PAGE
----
Sports Afield.


Memories of the Old Bridge.

Last year we made a short visit to my boyhood home, the
beautiful little town of Manchester, Iowa.

As we glided noiselessly in an automobile over the modern
steel bridge that now spans the river, my thoughts wandered
back to other days, when the heavy farm wagons used to go
rattling over the loose planks of the old wooden-pile bridge.

The new structure is beautiful and desirable, and yet the
old bridge of boyhood days has a warm spot in my memory
which can never be supplanted by the more modern structure.
For as a barefoot boy I trudged over it, swinging the cane pole
that was soon to tremble with the struggles of redhorse or bass
pulled out of the riffles or deep holes above the old bridge.

Oh, those dear old bygone summer days ! As I leaned over
the quiet waters I saw reflected there a laughing face and
curly head crowned with an old battered straw hat, made from
oat straw and braided by mother.

Down a little closer, and shading my eyes from the morn-
ing sun with a brown hand yes, there he is, the giant black
bass that has evaded my snare so many times. The brass wire


Memories of the Old Bridge.

is dropped quietly into the water and worked down carefully
toward him. The world seems to hang in the balance as I
work the wire down toward those lazily opening and closing
gills. And then, bitter disappointment, just as the wire loop
reaches his nose, he makes a dash for midstream and is gone.

This experience afforded splendid preparation, though on
a small scale, for coming events in Curlyhead's life when ideals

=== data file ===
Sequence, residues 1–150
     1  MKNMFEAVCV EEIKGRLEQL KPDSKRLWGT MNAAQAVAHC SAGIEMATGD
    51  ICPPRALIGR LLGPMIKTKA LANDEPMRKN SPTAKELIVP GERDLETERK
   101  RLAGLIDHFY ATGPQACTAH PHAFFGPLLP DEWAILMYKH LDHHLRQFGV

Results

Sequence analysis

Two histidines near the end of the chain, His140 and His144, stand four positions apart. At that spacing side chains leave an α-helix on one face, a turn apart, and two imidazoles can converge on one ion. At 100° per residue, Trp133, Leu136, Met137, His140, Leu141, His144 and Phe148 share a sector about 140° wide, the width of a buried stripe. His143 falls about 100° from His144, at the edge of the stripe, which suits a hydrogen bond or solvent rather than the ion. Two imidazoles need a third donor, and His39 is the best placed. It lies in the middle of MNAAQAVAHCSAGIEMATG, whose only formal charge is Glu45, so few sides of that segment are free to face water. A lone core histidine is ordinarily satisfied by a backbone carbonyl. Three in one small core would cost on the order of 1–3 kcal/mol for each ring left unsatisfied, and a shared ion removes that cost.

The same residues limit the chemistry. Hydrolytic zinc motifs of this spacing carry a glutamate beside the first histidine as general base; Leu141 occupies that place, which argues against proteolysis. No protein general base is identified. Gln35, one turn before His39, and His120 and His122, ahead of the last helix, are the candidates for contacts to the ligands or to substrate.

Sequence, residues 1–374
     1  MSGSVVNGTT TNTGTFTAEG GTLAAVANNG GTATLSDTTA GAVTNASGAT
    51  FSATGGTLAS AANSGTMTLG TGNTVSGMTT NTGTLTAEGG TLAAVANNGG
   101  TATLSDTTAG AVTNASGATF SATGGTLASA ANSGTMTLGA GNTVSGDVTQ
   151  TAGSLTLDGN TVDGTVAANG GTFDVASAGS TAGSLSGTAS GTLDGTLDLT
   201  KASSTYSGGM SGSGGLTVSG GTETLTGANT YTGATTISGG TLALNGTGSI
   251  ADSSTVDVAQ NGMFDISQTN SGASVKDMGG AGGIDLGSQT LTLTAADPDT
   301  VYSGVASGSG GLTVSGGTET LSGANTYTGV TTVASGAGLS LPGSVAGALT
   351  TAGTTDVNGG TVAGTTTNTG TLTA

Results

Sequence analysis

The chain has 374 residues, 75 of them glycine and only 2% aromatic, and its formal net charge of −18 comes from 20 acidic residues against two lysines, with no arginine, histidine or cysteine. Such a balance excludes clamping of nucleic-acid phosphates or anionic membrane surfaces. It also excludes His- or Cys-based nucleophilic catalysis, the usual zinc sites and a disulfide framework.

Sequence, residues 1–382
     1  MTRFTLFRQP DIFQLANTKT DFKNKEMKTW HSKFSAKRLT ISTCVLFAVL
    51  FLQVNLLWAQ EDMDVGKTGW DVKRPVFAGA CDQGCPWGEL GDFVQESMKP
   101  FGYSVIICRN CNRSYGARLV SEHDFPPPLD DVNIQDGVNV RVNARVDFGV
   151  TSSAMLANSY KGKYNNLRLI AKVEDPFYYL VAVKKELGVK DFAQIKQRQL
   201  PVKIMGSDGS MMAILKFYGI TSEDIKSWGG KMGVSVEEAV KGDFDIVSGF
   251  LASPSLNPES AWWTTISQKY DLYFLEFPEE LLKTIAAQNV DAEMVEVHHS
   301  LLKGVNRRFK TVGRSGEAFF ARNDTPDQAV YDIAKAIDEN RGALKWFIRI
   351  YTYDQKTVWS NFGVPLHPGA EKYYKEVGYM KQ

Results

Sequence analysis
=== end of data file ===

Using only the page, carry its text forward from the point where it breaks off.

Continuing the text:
would melt away like morning mists on the old Maquoketa.

Strange how some little event of early boyhood will go
with one and influence him through an entire life.

My experience with the giant bass of the old Maquoketa
was a demand on my inventive genius and skill and presever-
ance that I had never been called upon to meet before, and
did more to develop in me those qualities than any other inci-
dent of my early life.

For weeks I invented and tried new ways and new tackle,
only to meet with failure. \Yell do I remember the warm June
morning when success crowned my efforts.

A heavy fog hung over the stream and the sun looked like
a big ball of fire as it floated in the haze above the tree tops.
As I approached the favorite haunt of the old bass, the fog
drifted away before the morning breeze. Peering into the
depths of the dark water I discovered my old acquaintance
lying under the edge of a sunken log.

Dropping the snare in above him, I guided it slowly down
stream along the old log toward his nose. Never will I forget
the thrill of pleasure that shot through me as the brass wire
passed those gently fanning fins. A quick, firm jerk of the pole
set the snare on the bronze backed warrior, and the fight was
on. The pole bent in the shape of an arch as he tore through
the water in circles, trying to free himself from the wire.

In one of his mad rushes the pole broke. Nothing daunted,
I plunged into the stream and swam after the pole, which was
slowly moving across the river toward a deep hole on the other
side. I soon overtook the pole, and I got my second thrill that
memorable morning when my hand grasped the broken pole


Memories of the Old Bridge.

and I found my captive still safely anchored to the other end
of the line.

Swimming to shore I crawled upon the bank dragging my
trophy with me. To say that I was proud of my achievement
would be putting it mildly.

I had glory enough for one day and stringing my bass on
a willow I made a short-cut for town.

This is only one among many pleasant memories that send
my thoughts back to other days to early spring rambles along
the river in search of the first violet, and evenings spent in row-
ing or trolling for bass.

How the mossy bogs did quake as I tip-toed carefully out
on them to reach the beautiful fragrant water lilies !

And then those August and September days when I fol-
lowed old Sport over hill and vale after prairie chickens and